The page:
It is not often I say this, but thank goodness for Austria!
They took their time, but our western neighbours have finally delivered the goods, conclusively rejecting an ethno-nationalist hardliner and electing a rational candidate, Alexander Van der Bellen, as their president on December 4.
Could this mark a turning point, an echo of the defeat of the Ottoman army at the gates of Vienna in 1683?
As before, the political floodwaters have partly submerged Bulgaria, Moldova and Hungary. Turkey is lashing out at perceived enemies within and without.
Despite impressive sorties by its cavalry into the heart of Brussels, the main Polish force is caught in the fever swamps of central European nationalism, and this time shows no sign of coming to the rescue.
The Lithuanians are even more seriously diverted, with US president-elect Donald Trump’s blundering ignorance (not to mention his burgeoning bromance with Vladimir Putin) representing an existential threat to their homeland and those of the other Baltic peoples.
While the Austrians hold firm, beyond the Alps Italy and France are wobbling, seemingly in the grip of barely coherent anti-establishment insurgencies. Britain seems unable to locate its own belly button, let alone examine it.
Heaven knows what’s going on in the Balkans, but it doesn’t look pretty, with murky reports of foreign-led assassination plots against at least two national leaders.
Meanwhile, Slovakia’s deficit is falling, employment is rising and the economy is predicted to grow strongly next year. And hateful rhetoric is all the rage.
What on earth is going on?
Theories that seek to explain the foul mood in Europe (and in America) as a reaction to free trade, globalization and immigration are appealing, but seem to rely rather too much on reason – the very thing that their subjects appear to disdain.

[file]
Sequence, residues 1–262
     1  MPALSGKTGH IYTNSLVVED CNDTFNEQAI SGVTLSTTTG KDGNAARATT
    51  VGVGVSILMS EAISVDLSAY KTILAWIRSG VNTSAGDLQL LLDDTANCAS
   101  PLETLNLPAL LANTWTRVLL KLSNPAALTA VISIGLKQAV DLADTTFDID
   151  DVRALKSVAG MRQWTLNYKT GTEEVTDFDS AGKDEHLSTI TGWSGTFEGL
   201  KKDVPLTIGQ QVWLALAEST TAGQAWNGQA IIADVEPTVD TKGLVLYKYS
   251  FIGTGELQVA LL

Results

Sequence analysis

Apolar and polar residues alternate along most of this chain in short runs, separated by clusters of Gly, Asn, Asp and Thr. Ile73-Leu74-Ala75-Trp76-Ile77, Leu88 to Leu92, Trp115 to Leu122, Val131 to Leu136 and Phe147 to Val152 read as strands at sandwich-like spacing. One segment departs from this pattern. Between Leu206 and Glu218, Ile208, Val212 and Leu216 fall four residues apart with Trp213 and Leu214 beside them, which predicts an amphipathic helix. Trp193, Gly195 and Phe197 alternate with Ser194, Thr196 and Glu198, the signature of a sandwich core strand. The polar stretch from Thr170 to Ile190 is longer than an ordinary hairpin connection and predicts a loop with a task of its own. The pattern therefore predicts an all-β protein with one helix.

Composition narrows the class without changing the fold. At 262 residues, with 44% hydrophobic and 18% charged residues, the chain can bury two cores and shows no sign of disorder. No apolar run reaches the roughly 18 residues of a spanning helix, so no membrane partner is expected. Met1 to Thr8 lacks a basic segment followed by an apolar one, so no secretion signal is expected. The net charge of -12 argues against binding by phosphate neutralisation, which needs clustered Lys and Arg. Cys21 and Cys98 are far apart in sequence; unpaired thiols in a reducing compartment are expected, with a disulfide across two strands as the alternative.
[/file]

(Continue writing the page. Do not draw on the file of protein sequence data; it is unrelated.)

In fact, we are a lot less rational than we like to believe.
As Rebecca West wrote of 1930s Europe, in the epilogue to Black Lamb and Grey Falcon, her magisterial account of pre-war Yugoslavia:
“… human beings are not reasonable, and do not to any decisive degree prefer the agreeable to the disagreeable. Only part of us is sane: only part of us loves pleasure and the longer day of happiness, wants to live to our nineties and die in peace, in a house that we built. The other half of us is nearly mad. It prefers the disagreeable to the agreeable, loves pain and its darker night despair, and wants to die in a catastrophe that will set back life to its beginnings and leave nothing of our life save its blackened foundations.”
No one would have been more surprised than West to observe the Austrians now wielding the fire extinguisher.
But then history never repeats itself exactly. This is not 1683, or the 1930s.
Whatever it is, let us hope that 2016 was a nadir of sorts. Happy New Year!
16. Dec 2016 at 13:10 | James Thomson